A note on persistent allocations. Persistent allocations stay alive between requests. You traditionnaly use the common libc malloc/free to perform that, but ZendMM has got some shortcuts to libc allocator : the “persistent” API. This API starts by the “p” letter and let you choose between ZendMM alloc, or persistent alloc. Hence a pemalloc(size_t, 1) is nothing more than a malloc(), a pefree(void *, 1) is a free() and a pestrdup(void *, 1) is a strdup(). Just to say.

Zend Memory Manager debugging shields

ZendMM provides the following abilities:

  • Memory consumption management.

  • Memory leak tracking and automatic-free.

  • Speed up in allocations by pre-allocating well-known-sized buffers and keeping a warm cache on free

Memory consumption management

ZendMM is the layer behind the PHP userland “memory_limit” feature. Every single byte allocated using the ZendMM layer is counted and added. When the INI’s memory_limit is reached, you know what happens. That also mean that any allocation you perform via ZendMM is reflected in the memory_get_usage() call from PHP userland.

As an extension developer, this is a good thing, because it helps mastering the PHP process’ heap size.

If a memory limit error is launched, the engine will bail out from the current code position to a catch block, and will terminate smoothly. But there is no chance it goes back to the location in your code where the limit blew up. You must be prepared to that.

That means that in theory, ZendMM cannot return a NULL pointer to you. If the allocation fails from the OS, or if the allocation generates a memory limit error, the code will run into a catch block and won’t return to you allocation call.

If for any reason you need to bypass that protection, you must then use a traditional libc call, like malloc(). Take care however and know what you do. It may happen that you need to allocate lots of memory and could blow up the PHP memory_limit if using ZendMM. Thus use another allocator (like libc) but take care: your extension will grow the current process heap size. That cannot be seen using memory_get_usage() in PHP, but by analyzing the current heap with the OS facilities (like /proc/{pid}/maps)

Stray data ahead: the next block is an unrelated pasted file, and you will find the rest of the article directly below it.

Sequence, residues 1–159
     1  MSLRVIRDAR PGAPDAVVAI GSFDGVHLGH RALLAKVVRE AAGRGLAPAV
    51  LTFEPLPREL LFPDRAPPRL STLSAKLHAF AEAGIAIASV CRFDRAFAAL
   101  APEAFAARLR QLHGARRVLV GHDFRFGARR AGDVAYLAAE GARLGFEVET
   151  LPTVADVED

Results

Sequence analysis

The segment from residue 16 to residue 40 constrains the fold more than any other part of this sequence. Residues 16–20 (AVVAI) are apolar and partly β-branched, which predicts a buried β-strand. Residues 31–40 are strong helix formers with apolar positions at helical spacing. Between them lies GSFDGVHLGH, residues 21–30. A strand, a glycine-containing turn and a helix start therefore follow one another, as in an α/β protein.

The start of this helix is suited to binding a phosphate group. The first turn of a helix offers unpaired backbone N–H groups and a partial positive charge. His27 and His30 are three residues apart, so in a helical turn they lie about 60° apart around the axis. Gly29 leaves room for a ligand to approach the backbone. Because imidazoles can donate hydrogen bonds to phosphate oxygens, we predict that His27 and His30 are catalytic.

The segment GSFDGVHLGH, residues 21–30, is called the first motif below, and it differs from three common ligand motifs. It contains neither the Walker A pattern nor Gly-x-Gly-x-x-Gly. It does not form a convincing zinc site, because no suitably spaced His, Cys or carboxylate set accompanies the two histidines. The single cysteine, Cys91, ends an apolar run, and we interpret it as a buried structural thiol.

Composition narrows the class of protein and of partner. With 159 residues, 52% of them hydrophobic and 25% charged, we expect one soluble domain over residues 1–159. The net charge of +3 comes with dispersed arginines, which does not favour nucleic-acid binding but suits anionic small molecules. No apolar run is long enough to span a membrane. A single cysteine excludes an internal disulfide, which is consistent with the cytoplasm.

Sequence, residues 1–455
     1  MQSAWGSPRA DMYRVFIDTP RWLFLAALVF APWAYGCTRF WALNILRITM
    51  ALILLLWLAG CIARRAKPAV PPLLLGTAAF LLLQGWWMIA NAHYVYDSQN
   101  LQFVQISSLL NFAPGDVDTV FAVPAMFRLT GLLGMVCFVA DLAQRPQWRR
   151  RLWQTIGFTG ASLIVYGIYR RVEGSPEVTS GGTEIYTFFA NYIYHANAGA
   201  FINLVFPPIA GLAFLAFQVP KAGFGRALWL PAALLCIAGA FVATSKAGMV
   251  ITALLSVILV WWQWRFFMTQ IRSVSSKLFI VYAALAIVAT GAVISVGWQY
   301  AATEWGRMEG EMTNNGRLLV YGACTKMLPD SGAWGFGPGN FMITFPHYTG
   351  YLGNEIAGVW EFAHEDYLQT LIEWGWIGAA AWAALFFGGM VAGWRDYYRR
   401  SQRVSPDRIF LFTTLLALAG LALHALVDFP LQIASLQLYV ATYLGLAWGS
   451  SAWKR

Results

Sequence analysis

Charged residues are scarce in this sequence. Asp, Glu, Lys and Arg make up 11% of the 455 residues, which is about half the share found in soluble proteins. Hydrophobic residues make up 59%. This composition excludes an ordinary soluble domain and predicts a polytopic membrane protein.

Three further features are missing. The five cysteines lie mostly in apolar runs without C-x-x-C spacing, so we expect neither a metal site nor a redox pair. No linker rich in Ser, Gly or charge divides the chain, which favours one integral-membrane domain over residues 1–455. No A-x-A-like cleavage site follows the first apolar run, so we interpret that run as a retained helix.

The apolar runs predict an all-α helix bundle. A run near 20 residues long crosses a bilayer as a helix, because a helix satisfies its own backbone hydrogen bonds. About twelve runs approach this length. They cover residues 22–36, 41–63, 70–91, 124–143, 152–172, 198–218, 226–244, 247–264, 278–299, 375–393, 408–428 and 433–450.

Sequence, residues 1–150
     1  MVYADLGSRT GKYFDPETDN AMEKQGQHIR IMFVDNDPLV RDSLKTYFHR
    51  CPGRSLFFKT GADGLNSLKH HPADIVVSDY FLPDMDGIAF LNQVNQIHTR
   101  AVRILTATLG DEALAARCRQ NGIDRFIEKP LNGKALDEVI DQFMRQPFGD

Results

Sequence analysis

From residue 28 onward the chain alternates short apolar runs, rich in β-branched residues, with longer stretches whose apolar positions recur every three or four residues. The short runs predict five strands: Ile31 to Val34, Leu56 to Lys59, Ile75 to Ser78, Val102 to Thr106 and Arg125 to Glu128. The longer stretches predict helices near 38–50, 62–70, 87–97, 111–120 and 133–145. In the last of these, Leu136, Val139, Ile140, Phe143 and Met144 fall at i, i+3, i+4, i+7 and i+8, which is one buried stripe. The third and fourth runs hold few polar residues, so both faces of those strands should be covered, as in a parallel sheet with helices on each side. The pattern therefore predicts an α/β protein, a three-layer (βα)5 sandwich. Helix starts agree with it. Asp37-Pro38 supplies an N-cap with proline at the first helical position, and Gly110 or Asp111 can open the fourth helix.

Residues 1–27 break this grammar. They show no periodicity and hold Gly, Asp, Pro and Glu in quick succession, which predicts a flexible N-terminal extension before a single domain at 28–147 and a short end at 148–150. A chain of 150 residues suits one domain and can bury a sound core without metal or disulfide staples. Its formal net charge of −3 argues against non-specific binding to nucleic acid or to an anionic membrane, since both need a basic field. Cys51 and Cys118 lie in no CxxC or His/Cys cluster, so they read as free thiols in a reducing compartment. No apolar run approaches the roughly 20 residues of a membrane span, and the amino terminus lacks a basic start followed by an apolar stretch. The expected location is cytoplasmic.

If you need to fully disable ZendMM, you can launch PHP with the USE_ZEND_ALLOC=0 env var. This way, every call to the ZendMM API (like emalloc()) will be directed to a libc call, and ZendMM will be disabled. This is especially useful when debugging memory.

Memory leak tracking

Remember the main ZendMM rules: it starts when a request starts, it then expects you call its API when in need of dynamic memory as you are treating a request. When the current request ends, ZendMM shuts down.

By shutting down, it will browse every of its active pointer, and if using a debug build of PHP, it will warn you about memory leaking.

Let’s be clear here: if at the end of the current request ZendMM finds some active memory blocks, that means those are leaking. There should not be any active memory block living onto ZendMM heap at the end of the request, as anyone who allocated some should have freed them.

If you forget to free blocks, they will all get displayed on stderr. This process of memory leak reporting only works in the following conditions:

  • You are using a debug build of PHP

  • You have report_memleaks=On in php.ini (default)

Here is an example of a simple leak into an extension:

    void *foo = emalloc(128);

When launching PHP with that extension activated, on a debug build, that generates on stderr:

[Fri Jun 9 16:04:59 2017]  Script:  '/tmp/foobar.php'
/path/to/extension/file.c(123) : Freeing 0x00007fffeee65000 (128 bytes), script=/tmp/foobar.php
=== Total 1 memory leaks detected ===

Those lines are generated when the Zend Memory Manager shuts down, that is at the end of each treated request.

Beware however:

  • Obviously ZendMM doesn’t know anything about persistent allocations, or allocations that were performed in another way than using it. Hence, ZendMM can only warn you about allocations it is aware of, every traditional libc allocation won’t be reported in here, f.e.

  • If PHP shuts down in an incorrect maner (what we call an unclean shutdown), ZendMM will report tons of leaks. This is because when incorrectly shutdown, the engine uses a longjmp() call to a catch block, preventing every code that cleans memory to fire-in. Thus, many leaks get reported. This happens especially after a call to PHP’s exit()/die(), or if a fatal error gets triggered in some critical parts of PHP.

  • If you use a non-debug build of PHP, nothing shows on stderr, ZendMM is dumb but will still clean any allocated request-bound buffer that’s not been explicitly freed by the programmer

What you must remember is that ZendMM leak tracking is a nice bonus tool to have, but it does not replace a true C memory debugger.

ZendMM internal design

Common errors and mistakes

Here are the most common errors while using ZendMM, and what you should do about them.

  1. Usage of ZendMM as you are not treating a request.

Get infos about the PHP lifecycle to know in your extensions when you are treating a request, and when not. If you use ZendMM out of the scope of a request (like in MINIT()), the allocation will be silently cleared by ZendMM before treating the first request, and you’ll probably use-after-free : simply don’t.

  1. Buffer overflow and underflows.

Use a memory debugger. If you write below or past a memory area returned by ZendMM, you will overwrite crucial ZendMM structures and trigger a crash. It may happen that the “zend_mm_heap corrupted” message gets display in case ZendMM was able to detect the mess for you. The stack trace will show a crash from some code, to some ZendMM code. ZendMM code does not crash itself. If you get crashed in the middle of ZendMM code, that highly probably means you messed up with a pointer somewhere. Kick in your favorite memory debugger and look for the guilty part and fix it.

  1. Mix API calls

If you allocate a ZendMM pointer (emalloc() f.e) and free it using libc (free()), or the opposite scenario: you will crash. Be rigorous. Also if you pass to ZendMM’s efree() any pointer it doesn’t know about: you will crash.